Learn About Depression
Experiencing periods of sadness is a normal part of life for the vast majority of people. Feeling sad can be upsetting, but this form of emotional response can be healthy in allowing us to move toward positive growth and change. However, when sadness begins to impact everyday living, occurs alongside additional distressing symptoms, or continues for weeks, months, or even years, an individual might be struggling with a depressive disorder.
Depressive disorders, which are often referred to by the general term depression, are much more serious than just feeling upset or battling the blues. Depressive disorders are a group of mood disorders that significantly impact one’s life with symptoms of irritability, emptiness, and sadness, as well as physical symptoms and changes in thought patterns. The most common types of depressive disorders include major depressive disorder, persistent depressive disorder, and premenstrual dysphoric disorder.
These three types of depressive disorders and their symptoms include:
Major depressive disorder: Individuals who have major depressive disorder will have periods of at least two weeks in duration during which they experience sadness, lack of pleasure, loss of energy or motivation, feelings of worthlessness or guilt, weight and appetite changes, sleeping changes, decreased ability to think or concentrate, and thoughts of death and suicide.
Persistent depressive disorder: Those who struggle with persistent depressive disorder will battle with symptoms similar to those of major depressive disorder, though the symptoms of persistent depressive disorder are typically less severe, but last for at least two years.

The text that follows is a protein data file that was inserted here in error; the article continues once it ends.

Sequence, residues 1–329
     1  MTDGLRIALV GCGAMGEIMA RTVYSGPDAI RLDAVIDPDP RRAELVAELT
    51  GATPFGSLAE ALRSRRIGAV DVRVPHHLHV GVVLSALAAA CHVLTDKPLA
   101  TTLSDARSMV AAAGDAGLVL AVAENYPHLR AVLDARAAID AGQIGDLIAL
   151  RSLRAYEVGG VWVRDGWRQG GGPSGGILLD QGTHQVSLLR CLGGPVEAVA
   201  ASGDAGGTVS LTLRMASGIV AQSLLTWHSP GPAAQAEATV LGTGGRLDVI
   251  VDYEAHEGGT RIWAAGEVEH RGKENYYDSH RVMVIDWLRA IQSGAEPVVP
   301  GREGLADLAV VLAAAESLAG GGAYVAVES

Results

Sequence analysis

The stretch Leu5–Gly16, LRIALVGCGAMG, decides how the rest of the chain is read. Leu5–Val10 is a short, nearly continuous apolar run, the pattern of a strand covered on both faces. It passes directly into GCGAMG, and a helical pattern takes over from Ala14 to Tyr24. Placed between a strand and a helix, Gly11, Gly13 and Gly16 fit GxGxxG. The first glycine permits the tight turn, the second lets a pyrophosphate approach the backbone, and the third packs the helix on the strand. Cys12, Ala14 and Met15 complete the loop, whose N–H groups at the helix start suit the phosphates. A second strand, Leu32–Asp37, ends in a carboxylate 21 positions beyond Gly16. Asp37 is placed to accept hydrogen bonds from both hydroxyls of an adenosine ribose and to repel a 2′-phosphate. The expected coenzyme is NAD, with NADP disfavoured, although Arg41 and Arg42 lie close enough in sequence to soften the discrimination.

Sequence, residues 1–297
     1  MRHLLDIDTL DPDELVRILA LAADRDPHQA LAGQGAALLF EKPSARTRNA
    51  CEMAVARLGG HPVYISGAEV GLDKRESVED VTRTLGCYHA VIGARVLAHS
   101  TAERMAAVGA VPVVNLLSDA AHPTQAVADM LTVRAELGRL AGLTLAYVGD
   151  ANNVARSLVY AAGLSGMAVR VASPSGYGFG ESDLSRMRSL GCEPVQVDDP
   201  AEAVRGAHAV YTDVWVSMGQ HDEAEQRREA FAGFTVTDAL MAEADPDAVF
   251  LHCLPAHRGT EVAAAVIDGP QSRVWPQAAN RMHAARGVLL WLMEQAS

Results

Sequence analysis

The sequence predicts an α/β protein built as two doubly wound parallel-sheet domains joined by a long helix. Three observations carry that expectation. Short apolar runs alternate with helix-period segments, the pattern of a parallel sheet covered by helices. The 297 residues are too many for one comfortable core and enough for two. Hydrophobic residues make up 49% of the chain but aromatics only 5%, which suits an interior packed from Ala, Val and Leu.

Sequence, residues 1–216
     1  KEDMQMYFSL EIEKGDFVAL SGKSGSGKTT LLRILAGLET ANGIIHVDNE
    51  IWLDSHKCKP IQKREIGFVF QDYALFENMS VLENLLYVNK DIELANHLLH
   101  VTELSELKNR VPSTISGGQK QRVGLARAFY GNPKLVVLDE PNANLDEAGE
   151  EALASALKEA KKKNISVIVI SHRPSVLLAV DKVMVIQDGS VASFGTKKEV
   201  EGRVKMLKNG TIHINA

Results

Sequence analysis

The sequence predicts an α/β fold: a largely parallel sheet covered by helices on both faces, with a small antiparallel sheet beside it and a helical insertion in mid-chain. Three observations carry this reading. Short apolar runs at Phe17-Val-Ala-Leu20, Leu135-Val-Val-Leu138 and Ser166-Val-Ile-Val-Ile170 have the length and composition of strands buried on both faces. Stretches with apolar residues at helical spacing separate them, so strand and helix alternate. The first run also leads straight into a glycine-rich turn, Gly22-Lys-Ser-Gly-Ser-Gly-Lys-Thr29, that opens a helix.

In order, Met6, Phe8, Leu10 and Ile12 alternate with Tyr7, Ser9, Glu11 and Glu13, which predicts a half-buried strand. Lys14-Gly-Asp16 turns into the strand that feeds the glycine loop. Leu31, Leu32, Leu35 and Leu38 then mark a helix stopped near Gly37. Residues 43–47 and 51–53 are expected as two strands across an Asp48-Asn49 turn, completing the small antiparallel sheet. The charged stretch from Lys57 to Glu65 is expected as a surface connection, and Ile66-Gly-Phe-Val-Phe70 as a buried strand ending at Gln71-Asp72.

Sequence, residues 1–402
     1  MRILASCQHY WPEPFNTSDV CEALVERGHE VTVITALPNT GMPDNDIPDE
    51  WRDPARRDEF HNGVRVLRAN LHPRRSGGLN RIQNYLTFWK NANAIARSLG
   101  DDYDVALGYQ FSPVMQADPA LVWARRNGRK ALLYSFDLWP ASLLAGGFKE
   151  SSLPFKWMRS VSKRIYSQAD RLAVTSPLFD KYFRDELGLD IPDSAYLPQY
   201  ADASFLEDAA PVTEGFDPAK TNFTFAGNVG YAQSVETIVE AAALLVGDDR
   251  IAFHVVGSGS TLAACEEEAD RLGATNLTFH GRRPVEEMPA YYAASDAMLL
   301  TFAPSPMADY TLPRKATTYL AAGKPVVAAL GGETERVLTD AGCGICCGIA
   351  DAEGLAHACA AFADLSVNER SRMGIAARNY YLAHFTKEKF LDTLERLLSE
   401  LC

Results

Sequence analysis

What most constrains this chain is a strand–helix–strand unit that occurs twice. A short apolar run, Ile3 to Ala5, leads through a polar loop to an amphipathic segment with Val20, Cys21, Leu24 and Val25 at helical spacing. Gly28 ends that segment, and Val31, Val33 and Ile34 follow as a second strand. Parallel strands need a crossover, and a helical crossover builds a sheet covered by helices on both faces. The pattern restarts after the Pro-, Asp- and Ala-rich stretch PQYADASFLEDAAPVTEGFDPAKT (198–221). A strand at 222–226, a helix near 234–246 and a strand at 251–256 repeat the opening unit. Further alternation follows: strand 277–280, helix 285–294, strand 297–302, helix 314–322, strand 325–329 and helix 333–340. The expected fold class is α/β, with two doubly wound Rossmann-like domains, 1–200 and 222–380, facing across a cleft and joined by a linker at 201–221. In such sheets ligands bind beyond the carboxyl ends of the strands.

Premenstrual dysphoric disorder: This form of depressive disorder includes symptoms similar to those of major depressive disorder. However, symptoms are connected to a woman’s menstrual cycle. These symptoms can include anxiety, irritability, dysphoria, and depressed feelings prior to menses and mood changes. These symptoms decrease after menses has occurred.
All depressive disorders are challenging to manage and can seriously impact an individual’s life. Many of these disorders begin slowly, and many individuals are unaware that a disorder such as this has consumed their everyday lives until symptoms become worse. In many instances, an individual will be battling a substance use disorder, and find that he or she also begins struggling with a co-occurring depressive disorder.
While symptoms of depressive disorders can be hard to manage, there is treatment available. With the proper care and support, those who are battling major depressive disorder, persistent depressive disorder, or premenstrual dysphoric disorder can go on to living happy, healthy lives.
Depression impacts roughly 14.8 million adults in America, or 6.7% of those ages 18 and older. The National Institute of Mental Health (NIMH) states that depression often begins between ages 18 and 25. Rates of depression spike again after age 50, and adult women are more likely to report depression than men. Women are 1.4 to 3 times more likely to report major depressive disorder than men are.